This debate, known colloquially as the History Wars, is also the subject of history. In his book titled Telling the Truth About Aboriginal History, Brian Attwood describes an episode from the transition between the Keating and Howard governments, when polemics over historical revisionism became a key issue for interpreting Australian identity. Both Pyne’s and Foley’s use of the word truth brings back memories. Here, truth (or perhaps historical veracity) has no inherently homogeneous nature. On one side, there is the doctrine that historians should strive to evaluate evidence in a impartial fashion in order to describe events that happened in the past. On the other, there is the argument that this goal (regardless of its value) is impossible to achieve. History, and its revision, is always mediated symbolically; there is always the sense that any truth about history is self-referential and performative. Attwood maintains that truth is related to identity: “What you believe is true depends on who you believe yourself to be.”7 Identity is like an ism—it allows slippery truths some coherency.

In First Australians, Marcia Langton tells the story of the landing of the First Fleet in 1788. Her research draws on primary documents, referencing various journals by the colonists, including Watkin Tench, George Bouchier Worgan, Arthur Bowes Smyth and others. These accounts speak with a belief in their own impartiality. Yet the reader is asked to imagine this key narrative in Australian history from the alternate perspective of Bennelong of the Wangal clan—a man who was indigenous to roughly where Sydney is now. Langton guides the reader to identify with Bennelong in order to see the arrival of the First Fleet from an Aboriginal point of view.8 Here I recognise Baum’s idea of parallel dialogues.

Continuing this theme, Richard Lewer presents a curious take on how Australians identify with their history in Final School Map (2004). Lewer writes ‘I MUST LEARN TO LIKE MYSELF’ in black paint on a school-chart-style elevation map of Australia. I’d argue that the emphasis of this artwork is the identity of the ‘I’: is it the person who graffitied the map; the viewer of the artwork; any Australian? Lewer appear to imply that Australians need to be taught to like themself as citizen of Australia but the ‘I’ still refers to just about anybody. The issue of Australia’s past in the present necessitates tuition here. I associate Final School Map with the polemics over the Australian Curriculum: the way to improve our national self-likeability is through the work of reconciliation. This can happen at school. The point here is not to endeavour to impose one monolithic idea of truth, but to consider how the word in its slippery performative dimension might be retrospectively attached to some meaning.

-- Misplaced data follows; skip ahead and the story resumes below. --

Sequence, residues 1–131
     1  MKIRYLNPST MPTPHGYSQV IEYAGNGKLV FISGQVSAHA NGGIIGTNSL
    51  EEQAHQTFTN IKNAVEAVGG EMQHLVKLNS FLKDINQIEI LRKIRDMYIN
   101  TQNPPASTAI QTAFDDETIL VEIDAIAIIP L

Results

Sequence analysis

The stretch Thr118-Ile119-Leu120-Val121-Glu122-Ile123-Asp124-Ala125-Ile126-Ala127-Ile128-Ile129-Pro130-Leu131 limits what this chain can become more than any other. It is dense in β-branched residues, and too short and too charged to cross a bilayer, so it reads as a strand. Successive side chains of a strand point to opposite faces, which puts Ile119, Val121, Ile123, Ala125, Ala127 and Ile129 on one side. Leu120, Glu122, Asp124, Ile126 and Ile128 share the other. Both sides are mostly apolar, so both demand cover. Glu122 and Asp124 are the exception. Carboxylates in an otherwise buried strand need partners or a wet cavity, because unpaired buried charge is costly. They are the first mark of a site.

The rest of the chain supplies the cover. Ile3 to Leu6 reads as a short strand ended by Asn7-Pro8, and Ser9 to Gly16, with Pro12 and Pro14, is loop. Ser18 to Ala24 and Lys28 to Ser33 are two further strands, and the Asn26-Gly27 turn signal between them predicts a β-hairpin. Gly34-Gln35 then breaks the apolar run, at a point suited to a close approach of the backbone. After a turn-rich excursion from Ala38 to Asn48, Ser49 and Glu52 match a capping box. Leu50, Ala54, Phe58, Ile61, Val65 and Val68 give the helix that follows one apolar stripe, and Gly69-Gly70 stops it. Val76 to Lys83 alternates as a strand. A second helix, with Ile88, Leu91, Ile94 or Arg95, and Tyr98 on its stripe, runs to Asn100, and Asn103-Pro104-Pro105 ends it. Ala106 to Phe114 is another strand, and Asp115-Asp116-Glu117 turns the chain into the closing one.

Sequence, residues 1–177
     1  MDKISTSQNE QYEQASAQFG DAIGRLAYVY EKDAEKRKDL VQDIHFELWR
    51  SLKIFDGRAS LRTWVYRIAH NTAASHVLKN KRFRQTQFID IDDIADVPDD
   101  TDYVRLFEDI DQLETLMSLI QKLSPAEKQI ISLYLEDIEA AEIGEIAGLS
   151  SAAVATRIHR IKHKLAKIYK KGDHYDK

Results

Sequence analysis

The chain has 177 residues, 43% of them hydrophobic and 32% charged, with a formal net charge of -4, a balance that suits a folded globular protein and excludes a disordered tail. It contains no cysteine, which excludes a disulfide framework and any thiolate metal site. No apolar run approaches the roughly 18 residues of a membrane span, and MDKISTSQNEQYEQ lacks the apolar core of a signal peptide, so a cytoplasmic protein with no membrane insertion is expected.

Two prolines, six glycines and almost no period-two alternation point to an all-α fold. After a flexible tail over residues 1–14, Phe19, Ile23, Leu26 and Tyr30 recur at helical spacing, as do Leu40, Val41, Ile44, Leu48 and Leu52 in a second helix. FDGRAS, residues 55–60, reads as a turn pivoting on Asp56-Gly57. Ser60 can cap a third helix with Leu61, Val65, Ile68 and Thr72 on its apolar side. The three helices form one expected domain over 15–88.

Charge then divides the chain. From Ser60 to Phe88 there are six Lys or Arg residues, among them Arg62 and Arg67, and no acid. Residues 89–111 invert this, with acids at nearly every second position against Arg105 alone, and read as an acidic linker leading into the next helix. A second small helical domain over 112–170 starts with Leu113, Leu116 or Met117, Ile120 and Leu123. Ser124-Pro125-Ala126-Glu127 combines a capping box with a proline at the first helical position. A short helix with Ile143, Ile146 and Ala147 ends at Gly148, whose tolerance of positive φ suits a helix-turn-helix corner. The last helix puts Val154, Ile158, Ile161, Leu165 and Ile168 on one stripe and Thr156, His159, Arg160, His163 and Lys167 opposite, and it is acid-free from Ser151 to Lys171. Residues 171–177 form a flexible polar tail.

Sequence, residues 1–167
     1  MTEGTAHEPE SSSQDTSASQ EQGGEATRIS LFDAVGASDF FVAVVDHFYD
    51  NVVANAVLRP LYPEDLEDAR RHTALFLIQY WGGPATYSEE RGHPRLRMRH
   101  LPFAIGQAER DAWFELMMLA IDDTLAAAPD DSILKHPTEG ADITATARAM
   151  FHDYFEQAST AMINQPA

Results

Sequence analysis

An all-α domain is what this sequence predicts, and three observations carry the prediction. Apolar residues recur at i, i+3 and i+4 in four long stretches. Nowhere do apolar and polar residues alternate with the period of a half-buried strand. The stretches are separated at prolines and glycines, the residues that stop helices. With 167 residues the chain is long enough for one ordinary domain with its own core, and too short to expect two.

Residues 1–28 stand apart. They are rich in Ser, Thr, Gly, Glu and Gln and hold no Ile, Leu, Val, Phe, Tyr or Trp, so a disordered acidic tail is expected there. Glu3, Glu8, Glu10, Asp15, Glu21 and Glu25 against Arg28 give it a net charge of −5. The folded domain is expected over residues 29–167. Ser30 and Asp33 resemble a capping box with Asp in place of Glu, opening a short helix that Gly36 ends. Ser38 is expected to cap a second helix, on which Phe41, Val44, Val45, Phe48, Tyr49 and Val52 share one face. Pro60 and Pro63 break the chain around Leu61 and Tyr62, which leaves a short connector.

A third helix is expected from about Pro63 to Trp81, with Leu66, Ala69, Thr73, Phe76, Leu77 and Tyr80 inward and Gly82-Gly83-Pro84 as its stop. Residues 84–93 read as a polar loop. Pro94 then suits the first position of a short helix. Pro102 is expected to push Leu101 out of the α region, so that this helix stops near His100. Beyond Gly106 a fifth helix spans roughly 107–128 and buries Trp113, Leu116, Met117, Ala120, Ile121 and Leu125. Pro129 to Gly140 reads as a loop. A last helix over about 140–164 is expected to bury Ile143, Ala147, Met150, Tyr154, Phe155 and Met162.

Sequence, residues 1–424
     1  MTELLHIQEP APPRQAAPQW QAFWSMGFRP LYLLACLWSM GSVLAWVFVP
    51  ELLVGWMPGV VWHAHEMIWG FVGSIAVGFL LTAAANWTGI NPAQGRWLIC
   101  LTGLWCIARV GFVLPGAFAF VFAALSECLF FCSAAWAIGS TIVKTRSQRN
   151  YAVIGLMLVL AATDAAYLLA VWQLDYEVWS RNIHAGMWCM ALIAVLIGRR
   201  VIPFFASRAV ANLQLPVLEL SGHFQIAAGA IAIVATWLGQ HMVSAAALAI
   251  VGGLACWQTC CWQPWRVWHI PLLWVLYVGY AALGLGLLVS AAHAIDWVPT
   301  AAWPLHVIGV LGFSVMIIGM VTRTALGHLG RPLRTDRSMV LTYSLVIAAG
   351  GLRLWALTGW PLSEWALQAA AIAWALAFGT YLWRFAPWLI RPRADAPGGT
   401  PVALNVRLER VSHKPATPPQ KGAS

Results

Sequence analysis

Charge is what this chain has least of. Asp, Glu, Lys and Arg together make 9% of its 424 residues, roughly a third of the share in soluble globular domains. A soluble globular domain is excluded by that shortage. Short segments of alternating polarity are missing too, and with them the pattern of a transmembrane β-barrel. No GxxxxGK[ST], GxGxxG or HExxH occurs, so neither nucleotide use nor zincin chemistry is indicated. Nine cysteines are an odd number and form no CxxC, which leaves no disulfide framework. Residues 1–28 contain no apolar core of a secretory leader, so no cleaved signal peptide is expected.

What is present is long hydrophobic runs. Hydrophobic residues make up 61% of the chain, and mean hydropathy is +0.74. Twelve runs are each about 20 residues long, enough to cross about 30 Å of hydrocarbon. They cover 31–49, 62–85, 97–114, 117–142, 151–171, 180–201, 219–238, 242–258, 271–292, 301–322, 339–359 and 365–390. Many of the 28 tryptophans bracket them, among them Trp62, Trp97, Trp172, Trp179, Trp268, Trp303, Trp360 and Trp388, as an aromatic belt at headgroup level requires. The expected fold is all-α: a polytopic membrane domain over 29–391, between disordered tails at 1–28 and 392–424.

Inspired by Boyd and Lewer’s paintings, I conclude by posing an answer to the question of how we might identify with ourselves in order to be likeable. Typical of maps, both these paintings activate the words that name places. These words function to periodise the geography. (Nicholson’s wall drawing is also a great example of this periodisation.) Boyd and Lewer’s paintings both activate these words to say something about the place other than its name. They also both pose a very similar question: how do we deal with Australian history? Returning to art being like Capt. Cook’s Axe, I would say that my previous discussion wasn’t entirely about semantics. Instead, it was about history—from the viewpoint of where my argument has been. The word’s associations are continuously renegotiated. This continuous renegotiation is dialectical. Through continuous renegotiation, the singular monologue named truth can be exchanged for the possibility of parallel dialogues.

  1. Cynthia Freeland cites Irwin in But is it Art?, Oxford: Oxford University Press, 2001, 206. []
  2. Julieta Aranda; Brian Kuan Wood; Anton Vidokle eds., What is Contemporary Art?, Berlin: Sternberg Press, 2010. []
  3. Peter Osborne, “The Postconceptual Condition: Or, the Cultural Logic of High Capitalism Today,” Radical Philosophy, 184 Mar/Apr 2014, 19 – 27. []
  4. Dieter Roelstraete, “After the Historiographic Turn: Current Findings,” e-flux journal, #6 05/2009 []
  5. Tina Baum’s discussion of Daniel Boyd’s artwork in Culture Warriors, Canberra: National Gallery of Australia, 2007, 72. []
  6. Gary Foley, “Education Minister Pyne Opens a New Front in the History Wars,” Tracker, []
  7. Brian Attwood, Telling the Truth About Aboriginal History, Crows Nest, NSW: Allen & Unwin, 2005, 185. []
  8. See Rachel Perkins & Marcia Langton, First Australians, Carlton, Vic.: Melbourne University Publishing, 2008. []
Tim Alves is a doctoral candidate in the Faculty of Art and Design at Monash University, and a curator at Alcaston Gallery, Melbourne.